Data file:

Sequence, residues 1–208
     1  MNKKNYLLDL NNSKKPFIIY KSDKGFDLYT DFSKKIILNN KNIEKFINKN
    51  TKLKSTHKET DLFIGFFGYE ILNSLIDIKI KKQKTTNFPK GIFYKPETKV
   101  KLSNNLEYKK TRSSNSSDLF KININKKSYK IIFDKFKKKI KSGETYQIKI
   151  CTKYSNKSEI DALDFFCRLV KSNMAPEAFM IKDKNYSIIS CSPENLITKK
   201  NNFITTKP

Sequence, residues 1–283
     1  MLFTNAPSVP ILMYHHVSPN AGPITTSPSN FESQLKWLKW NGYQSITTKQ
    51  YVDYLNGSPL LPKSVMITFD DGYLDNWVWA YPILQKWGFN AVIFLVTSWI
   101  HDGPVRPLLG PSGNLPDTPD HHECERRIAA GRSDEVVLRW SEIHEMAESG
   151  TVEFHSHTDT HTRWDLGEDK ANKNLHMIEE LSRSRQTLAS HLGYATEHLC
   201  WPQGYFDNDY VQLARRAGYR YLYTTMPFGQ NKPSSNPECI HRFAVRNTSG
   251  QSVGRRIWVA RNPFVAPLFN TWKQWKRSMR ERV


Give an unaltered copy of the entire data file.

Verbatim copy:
Sequence, residues 1–208
     1  MNKKNYLLDL NNSKKPFIIY KSDKGFDLYT DFSKKIILNN KNIEKFINKN
    51  TKLKSTHKET DLFIGFFGYE ILNSLIDIKI KKQKTTNFPK GIFYKPETKV
   101  KLSNNLEYKK TRSSNSSDLF KININKKSYK IIFDKFKKKI KSGETYQIKI
   151  CTKYSNKSEI DALDFFCRLV KSNMAPEAFM IKDKNYSIIS CSPENLITKK
   201  NNFITTKP

Sequence, residues 1–283
     1  MLFTNAPSVP ILMYHHVSPN AGPITTSPSN FESQLKWLKW NGYQSITTKQ
    51  YVDYLNGSPL LPKSVMITFD DGYLDNWVWA YPILQKWGFN AVIFLVTSWI
   101  HDGPVRPLLG PSGNLPDTPD HHECERRIAA GRSDEVVLRW SEIHEMAESG
   151  TVEFHSHTDT HTRWDLGEDK ANKNLHMIEE LSRSRQTLAS HLGYATEHLC
   201  WPQGYFDNDY VQLARRAGYR YLYTTMPFGQ NKPSSNPECI HRFAVRNTSG
   251  QSVGRRIWVA RNPFVAPLFN TWKQWKRSMR ERV